Thanksgiving is almost here for Americans, and it can be an adorable but dangerous time for your pets. Here are some reminders of things to consider before considering your dog one of the guests. If you’re traveling somewhere else with your dog, these precautions should be made an even bigger priority because your dog is already off schedule and out of his element.
Don’t assume that your dog (or cat!) won’t door dash as people are arriving. Busy holiday schedules mean missed walks and potentially bored dogs. Set up a baby gate or keep your dog in a safe room when people will be in and out. Don’t assume he’ll be on his usual good behavior with strangers about.
If you’re traveling with your dog, make sure he doesn’t have an opportunity to get lost at a gas station along the way. There are numerous options for leashes or car seats that will buckle your dog up comfortably in the car. Crates are also a great option, but they may be skipped if you have lots of luggage. At minimum, use a carabiner to attach your dog’s leash to the car before you open the door.
Even if your dog likes people, too many for too long may be overwhelming. Triple this if there are children pestering him. Watch for signs that your dog has had enough and move him to a safe room for breaks if needed. If your dog isn’t a social butterfly to begin with, she should probably stay in a safe room for the whole event. Provide treats and chews and turn on the TV or music to cover some of the people noises. A social dog may just need an enforced “time out” to be ready for cuddles again, but don’t count on him to know that. Remember that if this is a long event, it’s probably cutting into your dog’s usual nap schedule significantly and he’s basically a cranky toddler.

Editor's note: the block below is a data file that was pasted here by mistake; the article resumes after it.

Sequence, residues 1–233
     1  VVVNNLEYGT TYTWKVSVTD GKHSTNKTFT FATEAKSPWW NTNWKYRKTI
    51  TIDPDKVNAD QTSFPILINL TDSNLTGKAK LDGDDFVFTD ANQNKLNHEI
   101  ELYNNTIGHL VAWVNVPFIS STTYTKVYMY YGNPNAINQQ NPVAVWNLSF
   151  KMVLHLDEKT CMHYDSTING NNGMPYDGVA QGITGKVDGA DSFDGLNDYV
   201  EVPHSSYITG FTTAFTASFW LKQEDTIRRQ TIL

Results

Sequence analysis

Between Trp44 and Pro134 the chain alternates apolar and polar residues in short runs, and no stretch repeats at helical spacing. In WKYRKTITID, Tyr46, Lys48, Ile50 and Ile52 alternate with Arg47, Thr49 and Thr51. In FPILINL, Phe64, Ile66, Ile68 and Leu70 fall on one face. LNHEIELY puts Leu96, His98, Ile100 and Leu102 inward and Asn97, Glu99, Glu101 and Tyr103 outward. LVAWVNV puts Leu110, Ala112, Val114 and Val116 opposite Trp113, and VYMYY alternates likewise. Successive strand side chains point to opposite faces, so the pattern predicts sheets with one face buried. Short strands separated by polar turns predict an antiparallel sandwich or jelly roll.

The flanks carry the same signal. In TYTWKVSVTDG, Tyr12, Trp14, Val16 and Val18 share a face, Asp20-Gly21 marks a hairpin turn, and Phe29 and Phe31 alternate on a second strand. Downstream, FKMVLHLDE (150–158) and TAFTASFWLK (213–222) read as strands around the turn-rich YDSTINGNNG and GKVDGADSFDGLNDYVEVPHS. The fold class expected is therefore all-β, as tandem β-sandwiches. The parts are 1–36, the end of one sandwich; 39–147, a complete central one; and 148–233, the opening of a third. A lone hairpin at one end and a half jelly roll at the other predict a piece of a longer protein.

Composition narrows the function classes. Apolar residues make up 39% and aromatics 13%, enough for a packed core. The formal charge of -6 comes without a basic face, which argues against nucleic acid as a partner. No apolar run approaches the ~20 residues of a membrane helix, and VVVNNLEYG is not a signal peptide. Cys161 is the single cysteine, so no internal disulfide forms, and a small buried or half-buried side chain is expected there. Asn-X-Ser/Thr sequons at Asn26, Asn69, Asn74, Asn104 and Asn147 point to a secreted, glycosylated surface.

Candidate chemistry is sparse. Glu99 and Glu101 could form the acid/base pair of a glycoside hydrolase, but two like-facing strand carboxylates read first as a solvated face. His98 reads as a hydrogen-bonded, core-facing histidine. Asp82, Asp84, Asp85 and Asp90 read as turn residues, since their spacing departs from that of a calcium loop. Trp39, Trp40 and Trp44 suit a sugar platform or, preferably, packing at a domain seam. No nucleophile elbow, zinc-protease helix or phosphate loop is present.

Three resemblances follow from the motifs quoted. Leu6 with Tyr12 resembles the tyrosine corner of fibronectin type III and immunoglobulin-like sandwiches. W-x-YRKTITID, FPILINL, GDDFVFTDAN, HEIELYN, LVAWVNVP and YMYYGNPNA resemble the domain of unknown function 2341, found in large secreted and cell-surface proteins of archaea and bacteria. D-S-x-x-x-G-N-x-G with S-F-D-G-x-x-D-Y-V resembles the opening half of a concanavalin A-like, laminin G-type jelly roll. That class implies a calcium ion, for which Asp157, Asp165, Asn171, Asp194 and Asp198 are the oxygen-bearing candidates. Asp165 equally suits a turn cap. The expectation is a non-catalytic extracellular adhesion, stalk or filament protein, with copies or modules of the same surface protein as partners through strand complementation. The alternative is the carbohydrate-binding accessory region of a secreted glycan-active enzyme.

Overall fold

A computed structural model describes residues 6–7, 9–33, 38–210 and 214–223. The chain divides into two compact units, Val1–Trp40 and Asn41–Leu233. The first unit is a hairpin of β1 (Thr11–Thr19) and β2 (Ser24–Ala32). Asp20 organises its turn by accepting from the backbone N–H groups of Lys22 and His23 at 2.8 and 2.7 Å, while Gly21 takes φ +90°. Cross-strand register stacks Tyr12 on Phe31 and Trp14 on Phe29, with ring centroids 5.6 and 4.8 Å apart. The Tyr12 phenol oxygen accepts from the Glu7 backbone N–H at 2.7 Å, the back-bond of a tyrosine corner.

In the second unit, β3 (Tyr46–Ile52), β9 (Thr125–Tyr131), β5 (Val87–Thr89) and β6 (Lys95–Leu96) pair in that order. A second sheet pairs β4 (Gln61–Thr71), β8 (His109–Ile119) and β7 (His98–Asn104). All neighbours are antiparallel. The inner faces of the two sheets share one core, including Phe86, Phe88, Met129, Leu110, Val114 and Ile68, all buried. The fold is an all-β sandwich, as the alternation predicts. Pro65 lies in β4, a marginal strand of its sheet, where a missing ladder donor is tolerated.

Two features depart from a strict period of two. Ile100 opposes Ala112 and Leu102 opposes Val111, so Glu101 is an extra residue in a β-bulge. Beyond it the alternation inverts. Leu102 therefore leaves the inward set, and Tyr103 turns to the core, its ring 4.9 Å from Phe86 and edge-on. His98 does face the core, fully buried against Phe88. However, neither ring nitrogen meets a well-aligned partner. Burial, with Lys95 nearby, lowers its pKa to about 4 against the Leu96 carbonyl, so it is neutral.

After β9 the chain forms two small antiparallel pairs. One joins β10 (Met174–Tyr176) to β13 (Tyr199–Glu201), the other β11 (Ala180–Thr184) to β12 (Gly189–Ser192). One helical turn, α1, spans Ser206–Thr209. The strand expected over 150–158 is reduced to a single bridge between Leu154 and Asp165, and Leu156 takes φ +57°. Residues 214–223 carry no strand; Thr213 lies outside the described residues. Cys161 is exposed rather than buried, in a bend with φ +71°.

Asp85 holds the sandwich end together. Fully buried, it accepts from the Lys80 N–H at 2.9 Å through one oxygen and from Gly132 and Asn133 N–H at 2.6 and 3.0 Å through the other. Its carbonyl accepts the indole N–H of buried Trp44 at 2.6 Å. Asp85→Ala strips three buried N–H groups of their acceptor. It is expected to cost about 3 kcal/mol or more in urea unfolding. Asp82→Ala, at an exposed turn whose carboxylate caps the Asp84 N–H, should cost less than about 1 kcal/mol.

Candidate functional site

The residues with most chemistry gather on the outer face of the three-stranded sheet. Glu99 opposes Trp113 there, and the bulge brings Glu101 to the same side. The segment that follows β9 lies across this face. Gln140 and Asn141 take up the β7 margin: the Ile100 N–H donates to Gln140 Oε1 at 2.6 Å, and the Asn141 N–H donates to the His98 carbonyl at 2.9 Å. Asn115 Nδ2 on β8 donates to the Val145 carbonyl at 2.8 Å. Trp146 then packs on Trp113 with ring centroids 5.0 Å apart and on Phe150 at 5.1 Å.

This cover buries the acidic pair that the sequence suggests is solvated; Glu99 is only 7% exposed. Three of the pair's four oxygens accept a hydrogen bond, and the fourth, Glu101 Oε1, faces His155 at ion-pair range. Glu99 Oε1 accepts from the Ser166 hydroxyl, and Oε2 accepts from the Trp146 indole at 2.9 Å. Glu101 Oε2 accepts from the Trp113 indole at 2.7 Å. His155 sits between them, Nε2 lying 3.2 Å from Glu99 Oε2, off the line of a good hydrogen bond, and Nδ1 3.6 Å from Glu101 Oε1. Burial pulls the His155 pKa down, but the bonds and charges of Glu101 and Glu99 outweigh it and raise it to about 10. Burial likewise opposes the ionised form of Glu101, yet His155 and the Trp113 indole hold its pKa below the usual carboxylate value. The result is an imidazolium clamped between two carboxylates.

Know your guests and supervise them. Sometimes kids don’t know any better and they’ll terrorize your dog into biting out of self defense. Sometimes adults do know better but are assholes. Keep an eye on things like beers or coffee you don’t want your dog sneaking, too. Guests without pets may be careless with them. Some guests are assholes and may think it’s funny to give your pet these things on purpose.
Your dog is not a baby sitter. Your dog did not volunteer to keep a hoard of children entertained, no matter how much she likes kids. If you leave your dog alone with a bunch of kids, you can’t prevent mistreatment or know what caused it when a bite happens.
It’s tempting to share Thanksgiving scraps with your dog, but a sudden big fatty meal for a dog who doesn’t usually get scraps can cause pancreatitis and possibly diabetes if the damage to the pancreas is permanent. It’s great to give your dog a treat, but try to keep it in line with what he normally gets. If he doesn’t normally get people food a small portion of plain lean meat and sweet potato should be fine. Toss fatty skin and bones in the trash to save yourself a trip to the emergency vet.
Even a dog who usually gets scraps might have some significant stomach upset if you go overboard. The holidays are exhausting enough without getting up 10 times to let your poor dog out at night. Remember to avoid the usual dangerous people foods, such as alcohol, onions, grapes, chocolate, and sage.
Most of these precautions come down to knowing your dog and having reasonable expectations for him. This is important all year long, but it’s easy to forget in the overwhelming bustle of the holidays. Don’t add to the stress and take steps to prevent any unfortunate pet accidents before they happen.